This is now the fourteenth post in our series on “A Partial-Preterist Perspective on the Destruction of Jerusalem in 70 AD.” This is the same title as a term paper I recently submitted to Northwestern College. All the previous posts can be found here, and it’s recommended that they be read in order before reading this post:
This will be the last of four posts in which we are considering the words of Jesus in the Olivet Discourse related to the predicted judgment on apostate Israel in 67-70 AD. We have already considered Christ’s non-physical return in judgment on Jerusalem in 70 AD, and His declaration that His generation would not pass away until all that He had prophesied would take place. In the previous post we examined the signs that Jesus said would lead up to the end of the age. In this post we will speak of the abomination of desolation, as well as the great tribulation which Jesus said would find no comparison in history.
III. The Abomination of Desolation
It is said by a number of futurists that, in the time of Jerusalem’s destruction, nothing occurred which may have fulfilled Christ’s prophecy of a coming abomination of desolation, spoken of by Daniel (8:13; 9:26-27, 11:31, 12:11). Of this, Jesus said, “when you see the abomination of desolation spoken of by the prophet Daniel, standing in the holy place (let the reader understand), then let those who are in Judea flee to the mountains” (Matthew 24:15-16). A number of early church writers, however, did teach that the abomination of desolation occurred in the time period of Jerusalem’s destruction. These included Clement of Alexandria (150-215 AD), Eusebius (263-339) Athanasius (296-372), Augustine (379), Chrysostom (379), Jerome (347-420), and Remigius (437-533). Eusebius, for example, said:
…the many great sieges which were carried on against the cities of Judea, and the excessive sufferings endured by those that fled to Jerusalem itself, as to a city of perfect safety, and finally the general course of the whole war, as well as its particular occurrences in detail, and how at last the abomination of desolation, proclaimed by the prophets, stood in the very temple of God, so celebrated of old, the temple which was now awaiting its total and final destruction by fire– all these things any one that wishes may find accurately described in the history written by Josephus (Dennis , 2009).
Sam Storms (2006) is one contemporary pastor and author who believes that the abomination of desolation and the great tribulation are already long past. He says, “[A] careful study of [Matthew 24 and Mark 13] will reveal that ‘the abomination of desolation’ to which [Jesus] refers, as well as the ‘great tribulation,’ pertain to the events of 70 a.d.”
From Scripture it seems possible that the holy place mentioned by Jesus was not the temple, but Jerusalem, since the entire city was considered holy (Daniel 9:24, Nehemiah 11:1, Matthew 4:5, Matthew 27:53). In Daniel’s day the temple was holy, but Jesus had just pronounced it desolate (Matthew 23:38). This was the viewpoint of Chrysostom, who wrote, “For this it seems to me that the abomination of desolation means the army by which the holy city of Jerusalem was made desolate” (recorded in The Ante-Nicene Fathers). Thomas Newton, in his dissertation titled “The Prophecy of Matthew 24” written in 1753, also took this position (Todd Dennis , 2009):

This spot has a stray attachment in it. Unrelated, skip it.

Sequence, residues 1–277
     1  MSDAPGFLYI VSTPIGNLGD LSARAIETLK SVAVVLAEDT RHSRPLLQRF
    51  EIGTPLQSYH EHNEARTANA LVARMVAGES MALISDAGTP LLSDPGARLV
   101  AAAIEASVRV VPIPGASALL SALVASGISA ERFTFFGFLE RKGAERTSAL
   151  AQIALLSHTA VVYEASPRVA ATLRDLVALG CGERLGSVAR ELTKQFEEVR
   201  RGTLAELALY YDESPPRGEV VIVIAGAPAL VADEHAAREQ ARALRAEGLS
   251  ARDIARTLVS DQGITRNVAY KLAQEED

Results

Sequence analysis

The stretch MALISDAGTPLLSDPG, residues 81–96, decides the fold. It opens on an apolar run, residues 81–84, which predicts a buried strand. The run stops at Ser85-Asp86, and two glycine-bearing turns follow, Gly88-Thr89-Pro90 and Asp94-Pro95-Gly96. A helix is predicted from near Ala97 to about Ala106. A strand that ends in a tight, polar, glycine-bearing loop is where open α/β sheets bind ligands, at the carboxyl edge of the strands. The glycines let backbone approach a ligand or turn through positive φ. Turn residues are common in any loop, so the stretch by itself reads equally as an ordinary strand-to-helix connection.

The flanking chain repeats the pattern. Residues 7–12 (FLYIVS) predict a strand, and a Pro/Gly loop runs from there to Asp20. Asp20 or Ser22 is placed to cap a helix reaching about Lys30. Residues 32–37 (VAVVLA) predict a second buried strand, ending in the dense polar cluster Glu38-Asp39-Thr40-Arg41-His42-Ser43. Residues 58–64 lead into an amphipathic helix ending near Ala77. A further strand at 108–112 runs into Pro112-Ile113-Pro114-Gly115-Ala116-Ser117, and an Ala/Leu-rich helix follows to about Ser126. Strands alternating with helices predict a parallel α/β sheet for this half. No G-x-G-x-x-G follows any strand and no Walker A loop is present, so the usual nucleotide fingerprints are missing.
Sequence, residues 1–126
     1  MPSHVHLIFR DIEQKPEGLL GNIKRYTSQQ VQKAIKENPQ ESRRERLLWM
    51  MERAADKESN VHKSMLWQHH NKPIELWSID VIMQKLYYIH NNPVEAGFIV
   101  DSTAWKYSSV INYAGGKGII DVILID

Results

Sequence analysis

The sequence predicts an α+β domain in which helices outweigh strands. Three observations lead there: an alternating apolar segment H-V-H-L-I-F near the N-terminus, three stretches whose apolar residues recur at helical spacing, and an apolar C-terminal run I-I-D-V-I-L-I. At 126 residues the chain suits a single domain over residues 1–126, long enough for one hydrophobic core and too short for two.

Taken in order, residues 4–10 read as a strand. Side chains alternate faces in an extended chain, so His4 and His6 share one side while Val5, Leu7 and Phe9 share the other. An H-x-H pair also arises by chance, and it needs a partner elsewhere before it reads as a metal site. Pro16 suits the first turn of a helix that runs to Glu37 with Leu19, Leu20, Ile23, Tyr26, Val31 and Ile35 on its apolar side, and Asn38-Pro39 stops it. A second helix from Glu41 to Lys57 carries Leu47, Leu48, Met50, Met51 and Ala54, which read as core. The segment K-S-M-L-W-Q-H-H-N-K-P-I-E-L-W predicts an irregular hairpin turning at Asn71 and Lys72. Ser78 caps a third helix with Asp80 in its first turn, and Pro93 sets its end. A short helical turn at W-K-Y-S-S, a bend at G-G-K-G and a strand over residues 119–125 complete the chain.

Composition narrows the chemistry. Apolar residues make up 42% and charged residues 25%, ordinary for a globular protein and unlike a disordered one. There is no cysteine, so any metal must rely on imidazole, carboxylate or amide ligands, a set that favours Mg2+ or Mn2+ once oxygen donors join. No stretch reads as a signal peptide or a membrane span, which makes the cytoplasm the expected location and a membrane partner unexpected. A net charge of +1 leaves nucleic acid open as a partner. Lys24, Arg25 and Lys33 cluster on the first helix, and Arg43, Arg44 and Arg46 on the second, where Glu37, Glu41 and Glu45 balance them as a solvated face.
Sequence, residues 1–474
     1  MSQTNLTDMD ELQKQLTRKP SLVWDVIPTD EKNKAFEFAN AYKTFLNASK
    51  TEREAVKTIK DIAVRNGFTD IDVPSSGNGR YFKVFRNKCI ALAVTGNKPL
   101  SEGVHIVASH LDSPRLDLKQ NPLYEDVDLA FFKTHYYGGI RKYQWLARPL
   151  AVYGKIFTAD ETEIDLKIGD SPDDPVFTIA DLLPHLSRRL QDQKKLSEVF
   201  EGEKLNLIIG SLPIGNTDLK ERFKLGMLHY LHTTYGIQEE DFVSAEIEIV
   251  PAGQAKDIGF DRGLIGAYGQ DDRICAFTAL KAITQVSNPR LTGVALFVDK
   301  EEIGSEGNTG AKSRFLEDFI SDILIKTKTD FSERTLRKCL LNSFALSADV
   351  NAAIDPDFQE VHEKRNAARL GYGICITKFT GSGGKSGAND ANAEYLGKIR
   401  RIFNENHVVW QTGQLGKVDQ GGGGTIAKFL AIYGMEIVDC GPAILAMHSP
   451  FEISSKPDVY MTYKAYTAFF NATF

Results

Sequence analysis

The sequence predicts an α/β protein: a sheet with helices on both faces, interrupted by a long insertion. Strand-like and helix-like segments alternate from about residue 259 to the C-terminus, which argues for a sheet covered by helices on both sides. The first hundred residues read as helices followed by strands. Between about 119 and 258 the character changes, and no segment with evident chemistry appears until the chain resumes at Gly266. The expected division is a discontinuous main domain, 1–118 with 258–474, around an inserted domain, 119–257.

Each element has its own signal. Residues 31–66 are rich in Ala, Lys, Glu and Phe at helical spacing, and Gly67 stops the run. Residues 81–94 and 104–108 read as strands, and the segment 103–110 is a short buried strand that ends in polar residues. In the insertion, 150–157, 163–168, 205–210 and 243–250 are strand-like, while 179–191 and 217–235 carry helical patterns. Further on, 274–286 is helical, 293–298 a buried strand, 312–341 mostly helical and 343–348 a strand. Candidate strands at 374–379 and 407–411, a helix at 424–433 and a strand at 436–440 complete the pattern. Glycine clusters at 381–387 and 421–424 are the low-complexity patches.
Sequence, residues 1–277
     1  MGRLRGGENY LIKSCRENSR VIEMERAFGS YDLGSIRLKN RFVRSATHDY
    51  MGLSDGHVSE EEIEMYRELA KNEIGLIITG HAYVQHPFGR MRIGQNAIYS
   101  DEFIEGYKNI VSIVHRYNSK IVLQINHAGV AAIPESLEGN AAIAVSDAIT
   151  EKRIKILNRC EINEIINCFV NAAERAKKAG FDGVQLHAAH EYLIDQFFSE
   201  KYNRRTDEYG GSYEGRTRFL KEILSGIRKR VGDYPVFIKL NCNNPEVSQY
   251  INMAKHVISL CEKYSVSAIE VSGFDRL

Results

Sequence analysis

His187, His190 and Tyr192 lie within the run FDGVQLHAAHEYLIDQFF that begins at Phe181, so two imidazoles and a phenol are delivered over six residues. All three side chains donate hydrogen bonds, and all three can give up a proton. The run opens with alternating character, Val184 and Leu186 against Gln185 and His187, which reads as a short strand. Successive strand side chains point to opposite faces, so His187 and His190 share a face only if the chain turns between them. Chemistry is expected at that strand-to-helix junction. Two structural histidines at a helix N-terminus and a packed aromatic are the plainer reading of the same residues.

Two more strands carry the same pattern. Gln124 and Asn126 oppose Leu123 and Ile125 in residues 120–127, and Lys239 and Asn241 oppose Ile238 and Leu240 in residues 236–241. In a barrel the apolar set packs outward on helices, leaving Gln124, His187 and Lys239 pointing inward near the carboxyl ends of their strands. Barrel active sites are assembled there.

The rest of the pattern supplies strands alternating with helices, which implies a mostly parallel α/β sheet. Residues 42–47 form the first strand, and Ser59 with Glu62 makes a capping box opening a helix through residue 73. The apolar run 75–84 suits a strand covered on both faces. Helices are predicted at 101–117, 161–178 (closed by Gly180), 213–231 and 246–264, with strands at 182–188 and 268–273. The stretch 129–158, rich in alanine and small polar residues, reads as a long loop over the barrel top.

Whatever difficulty there is in these words [in Matthew 24:15-16], it may be cleared up by the parallel place in St. Luke, ‘And when ye shall see Jerusalem compassed with armies, then know that the desolation thereof is nigh. Then let them which are in Judea flee to the mountains,’-xxi – 20, 21. So that ‘the abomination of desolation’ is the Roman army, and ‘the abomination of desolation standing in the holy place’ is the Roman army besieging Jerusalem. This, saith our Saviour, is ‘the abomination of desolation, spoken of by Daniel the prophet,’ in the ninth and eleventh chapters; and so let every one who readeth those prophecies, understand them. The Roman army is called ‘the abomination,’ for its ensigns and images, which were so to the Jews.
Other commentators roughly contemporary to Thomas Newton held to the same view, i.e. that these words of Jesus were fulfilled in 67-70 AD, also allowing that “the holy place” was not the inner temple but Jerusalem itself. These included John Wesley (1754), Adam Clarke (1837), C. H. (Charles) Spurgeon (1868), and Philip Schaff (1877). For many of these commentators, it was enough of an abomination that the Romans came into Jerusalem bearing standards, emblems, and banners with images of their gods and proclamations of the deity of their emperor. B.H. Carroll (1915), in his well-known work, “An Introduction of the English Bible,” related an interesting incident which took place during the reign of Tiberius (14-37 AD). This incident sheds light on what was constituted as such an abomination at this time: